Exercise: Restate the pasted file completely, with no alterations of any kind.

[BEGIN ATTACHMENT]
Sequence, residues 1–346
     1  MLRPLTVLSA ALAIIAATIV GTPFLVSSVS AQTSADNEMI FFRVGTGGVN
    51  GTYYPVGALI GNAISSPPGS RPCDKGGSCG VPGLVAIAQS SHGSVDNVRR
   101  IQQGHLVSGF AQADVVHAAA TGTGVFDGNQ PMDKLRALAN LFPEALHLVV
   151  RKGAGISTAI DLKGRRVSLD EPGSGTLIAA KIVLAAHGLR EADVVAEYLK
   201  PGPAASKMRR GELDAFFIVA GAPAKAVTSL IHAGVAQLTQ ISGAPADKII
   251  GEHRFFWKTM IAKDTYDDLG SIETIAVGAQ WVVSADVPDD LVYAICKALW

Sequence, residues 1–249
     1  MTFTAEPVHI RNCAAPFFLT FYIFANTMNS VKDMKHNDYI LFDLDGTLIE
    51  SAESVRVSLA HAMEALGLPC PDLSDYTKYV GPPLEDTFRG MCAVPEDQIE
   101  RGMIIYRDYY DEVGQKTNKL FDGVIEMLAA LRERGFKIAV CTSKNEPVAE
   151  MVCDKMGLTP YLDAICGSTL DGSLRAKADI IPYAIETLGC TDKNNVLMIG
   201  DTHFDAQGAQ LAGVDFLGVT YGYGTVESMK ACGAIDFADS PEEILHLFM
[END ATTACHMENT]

Sequence, residues 1–346
     1  MLRPLTVLSA ALAIIAATIV GTPFLVSSVS AQTSADNEMI FFRVGTGGVN
    51  GTYYPVGALI GNAISSPPGS RPCDKGGSCG VPGLVAIAQS SHGSVDNVRR
   101  IQQGHLVSGF AQADVVHAAA TGTGVFDGNQ PMDKLRALAN LFPEALHLVV
   151  RKGAGISTAI DLKGRRVSLD EPGSGTLIAA KIVLAAHGLR EADVVAEYLK
   201  PGPAASKMRR GELDAFFIVA GAPAKAVTSL IHAGVAQLTQ ISGAPADKII
   251  GEHRFFWKTM IAKDTYDDLG SIETIAVGAQ WVVSADVPDD LVYAICKALW

Sequence, residues 1–249
     1  MTFTAEPVHI RNCAAPFFLT FYIFANTMNS VKDMKHNDYI LFDLDGTLIE
    51  SAESVRVSLA HAMEALGLPC PDLSDYTKYV GPPLEDTFRG MCAVPEDQIE
   101  RGMIIYRDYY DEVGQKTNKL FDGVIEMLAA LRERGFKIAV CTSKNEPVAE
   151  MVCDKMGLTP YLDAICGSTL DGSLRAKADI IPYAIETLGC TDKNNVLMIG
   201  DTHFDAQGAQ LAGVDFLGVT YGYGTVESMK ACGAIDFADS PEEILHLFM